Go Go GoLang

January 16, 2019

At Rebel we love to develop software with the very best languages the market has to offer. This is why we're proud to promote ourselves as expert GoLang developers. So why use GoLang? To understand why Go is the way it is you need to know why it came to exist in the first place.

 

Go was created in 2007 at Google by Robert Griesemer, Rob Pike, and Ken Thompson and released in 2009 and was an attempt to bridge the gap between languages like Python and C.

 

The goals of the Go project were to eliminate the slowness and clumsiness of software development at Google, and thereby to make the process more productive and scalable. The language was designed by and for people who write—and read and debug and maintain—large software systems. source

 

That’s why Go was created, nothing more. It was not a fun 20% project that caught momentum. It was not to achieve something that couldn’t be done before. It was simply created out of the frustration of dealing with the complexity generated by very large teams of people working on very large pieces of software written in languages with large feature sets. Every trade-off was chosen because it follows those interests, if you are not happy with the trade-offs, it most likely means your interests don’t align, and you shouldn’t be using Go.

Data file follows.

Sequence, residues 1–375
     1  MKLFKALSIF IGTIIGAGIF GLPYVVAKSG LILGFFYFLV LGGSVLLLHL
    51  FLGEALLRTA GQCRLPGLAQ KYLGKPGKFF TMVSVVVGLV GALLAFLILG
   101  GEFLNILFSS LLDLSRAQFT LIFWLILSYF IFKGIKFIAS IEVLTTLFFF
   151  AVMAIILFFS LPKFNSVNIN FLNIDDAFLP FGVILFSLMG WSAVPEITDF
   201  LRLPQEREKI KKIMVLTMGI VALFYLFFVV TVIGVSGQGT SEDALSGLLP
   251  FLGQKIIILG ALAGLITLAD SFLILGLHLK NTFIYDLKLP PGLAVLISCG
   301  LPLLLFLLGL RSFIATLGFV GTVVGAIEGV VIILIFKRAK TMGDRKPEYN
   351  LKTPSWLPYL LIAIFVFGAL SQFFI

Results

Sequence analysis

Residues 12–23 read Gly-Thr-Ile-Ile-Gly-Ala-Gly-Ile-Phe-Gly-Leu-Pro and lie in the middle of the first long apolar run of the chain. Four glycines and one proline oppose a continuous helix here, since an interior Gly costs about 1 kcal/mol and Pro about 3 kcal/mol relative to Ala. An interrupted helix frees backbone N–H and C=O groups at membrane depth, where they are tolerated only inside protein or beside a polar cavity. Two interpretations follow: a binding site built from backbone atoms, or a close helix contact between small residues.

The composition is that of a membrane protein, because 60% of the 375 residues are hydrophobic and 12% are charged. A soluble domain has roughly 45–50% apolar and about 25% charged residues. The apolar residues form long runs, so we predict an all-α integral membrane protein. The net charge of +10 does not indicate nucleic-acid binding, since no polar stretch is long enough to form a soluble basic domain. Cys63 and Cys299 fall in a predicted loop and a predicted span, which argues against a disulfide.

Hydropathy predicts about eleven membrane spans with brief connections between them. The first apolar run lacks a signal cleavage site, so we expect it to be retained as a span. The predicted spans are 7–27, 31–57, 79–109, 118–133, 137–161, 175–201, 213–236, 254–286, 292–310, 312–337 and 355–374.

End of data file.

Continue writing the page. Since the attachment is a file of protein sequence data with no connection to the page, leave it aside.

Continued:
While it has great features like compilation speed or easy concurrency, the main feature that makes Go special is its extreme simplicity. Go tries to reduce the complexity at Google’s large projects at all costs, and it does so by sacrificing things, lots of things, sometimes even principles that you thought untouchable like DRY. Go is not like python or ruby, which “allow” you to write understandable code. In Go you basically have no other choice.

 

To put it more graphically. Go is your friend, but not your friend at a party asking you to take a taxi back home, Go is your friend at an intervention telling you that he’s thrown all the alcohol out of the window. 

 

Go also has the most comprehensive built-in library currently available. (It makes Python's seem pitiful) It was also designed almost entirely with multi-threading in mind. It runs as fast as C but is much, much, MUCH nicer to use. 

 

So, in summary it is a general purpose language, thats fun to program and can be used for what most any other, high-level language would be used for. Its also becoming increasingly the language of choice for innovative software development.

 

 

 

 

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